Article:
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There's a chance they're going to screw up expansion. It's the only way explain what's happening with the folks overseeing College Football Playoff augmentation.

Look, these commissioners and athletic directors are all great people. They're smart. But even they have to see that progress on expansion is grinding to a slow halt as if someone has thrown sand in the gears.

The first CFP Rankings come out Tuesday night. Starting Wednesday in Irving, Texas, the CFP stakeholders begin a two-day meeting to do … what, exactly? Almost seven months after the CFP first dropped a 12-team expansion hint, there is no consensus on where it is headed. Not even close.

In fact, a fracture appeared publicly when the Sports Business Journal reported over the weekend the "alliance" conferences -- Big Ten, ACC, Pac-12 -- favor an eight-team model.

One problem? The math doesn't work.

Inside the current CFP contract, ESPN doesn't have to pay a dime more for an eight-team field because there would be the same amount of games there are now: seven. It's just that, as of now, four of the seven games are called New Year's Six bowls. In an eight-team bracket, all seven would be playoff games.

Eight teams will not be adopted because Notre Dame, for one, won't approve amid access concerns. Plus, Fighting Irish AD Jack Swarbrick worked for two years with three other colleagues to develop the 12-team bracket.

Forget a consensus, there may not even be a general agreement. Any expansion decision must be unanimous among the 11 FBS commissioners and Notre Dame.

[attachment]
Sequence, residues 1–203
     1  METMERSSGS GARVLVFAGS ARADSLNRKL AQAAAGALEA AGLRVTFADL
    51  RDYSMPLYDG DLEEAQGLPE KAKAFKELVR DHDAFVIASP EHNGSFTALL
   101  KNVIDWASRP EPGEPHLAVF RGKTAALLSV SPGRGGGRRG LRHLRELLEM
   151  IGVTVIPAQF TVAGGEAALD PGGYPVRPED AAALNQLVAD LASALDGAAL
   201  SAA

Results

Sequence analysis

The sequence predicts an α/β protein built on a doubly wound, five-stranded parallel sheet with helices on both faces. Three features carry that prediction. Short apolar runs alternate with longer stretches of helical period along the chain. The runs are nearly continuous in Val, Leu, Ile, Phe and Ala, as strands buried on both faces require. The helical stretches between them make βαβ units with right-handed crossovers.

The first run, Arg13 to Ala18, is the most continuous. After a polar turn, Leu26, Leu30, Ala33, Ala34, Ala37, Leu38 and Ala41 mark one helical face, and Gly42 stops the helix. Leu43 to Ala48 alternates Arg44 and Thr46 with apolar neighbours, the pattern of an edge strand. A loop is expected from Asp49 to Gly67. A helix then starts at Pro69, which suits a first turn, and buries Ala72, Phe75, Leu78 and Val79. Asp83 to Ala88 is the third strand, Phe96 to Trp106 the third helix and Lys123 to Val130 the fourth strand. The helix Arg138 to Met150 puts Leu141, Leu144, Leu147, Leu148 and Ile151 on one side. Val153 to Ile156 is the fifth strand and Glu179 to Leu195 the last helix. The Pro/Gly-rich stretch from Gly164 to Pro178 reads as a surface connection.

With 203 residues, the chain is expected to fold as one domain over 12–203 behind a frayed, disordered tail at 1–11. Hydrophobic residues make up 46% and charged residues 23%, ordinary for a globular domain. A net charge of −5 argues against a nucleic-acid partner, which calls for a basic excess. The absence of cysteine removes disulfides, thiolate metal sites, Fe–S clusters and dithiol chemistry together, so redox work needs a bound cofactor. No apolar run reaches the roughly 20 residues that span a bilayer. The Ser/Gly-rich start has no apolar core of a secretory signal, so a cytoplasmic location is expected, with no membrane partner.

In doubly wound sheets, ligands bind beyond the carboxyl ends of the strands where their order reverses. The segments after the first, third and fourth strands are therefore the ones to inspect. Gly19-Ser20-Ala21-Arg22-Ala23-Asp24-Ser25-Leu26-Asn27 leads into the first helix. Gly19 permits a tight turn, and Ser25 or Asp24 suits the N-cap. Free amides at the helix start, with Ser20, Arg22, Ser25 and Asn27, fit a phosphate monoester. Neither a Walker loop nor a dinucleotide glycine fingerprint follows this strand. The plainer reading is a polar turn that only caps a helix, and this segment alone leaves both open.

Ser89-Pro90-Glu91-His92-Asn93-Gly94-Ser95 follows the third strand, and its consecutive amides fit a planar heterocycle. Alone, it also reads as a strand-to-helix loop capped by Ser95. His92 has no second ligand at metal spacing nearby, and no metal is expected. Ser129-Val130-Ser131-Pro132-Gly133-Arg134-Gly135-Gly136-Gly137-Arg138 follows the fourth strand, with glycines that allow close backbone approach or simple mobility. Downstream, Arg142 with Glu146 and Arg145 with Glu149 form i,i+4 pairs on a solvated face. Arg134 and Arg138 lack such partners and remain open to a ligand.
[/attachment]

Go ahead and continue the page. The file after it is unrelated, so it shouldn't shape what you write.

Eight teams would also limit Group of Five access … at least compared to what we came to accept in the 12-team bracket developed by Swarbrick, SEC commissioner Greg Sankey, Big 12 commissioner Bob Bowlsby and Mountain West commissioner Craig Thompson.

Twelve teams tripled the field. It was all-inclusive. Then suddenly, after a few conferences got their feelings hurt, it wasn't.

What's become obvious over the last few months is that it's either four or 12. There is no in-between.

"We will end up staying at four," a person intimately involved in the talks told CBS Sports over the weekend.

Sankey has said as much to media: The playoff will remain status quo or go to 12 team. He has long been on board with the current four-team model. He has no reason not to be. The SEC has the best -- and so far only -- chance of getting multiple programs into a four-team bracket.

"I think four has worked, is working and can continue to work," Sankey said before the Florida-Georgia game. "So, it's four or 12."

That's ominous and depressing. If so, then what has this process been about? These past few months have been the Big Tease with talk of expansion and access and dollars and maybe -- just maybe -- an honest-to-goodness Cinderella team one day emerging in a sport that does not welcome them.

There are agendas now out the wazoo. Bowl Season wants all the games played in bowls. The Big Ten and Pac-12 want to take care of the Rose Bowl. If a Big Ten team qualifies for the first round, it might have to play in an NFL stadium instead of on its own campus because of weather. There are those who want the current contract to run out in five years so the bidding can go through the roof. Who can blame them?

College football is now the only major sport that doesn't split up its championship postseason among multiple networks. Even the NCAA Tournament has a deal with CBS and Turner.

For now, if the CFP decides to expand to 12 within the current contract, ESPN would have to pay for it. It's written into the contract language that still has five years left to run. That has not been previously reported.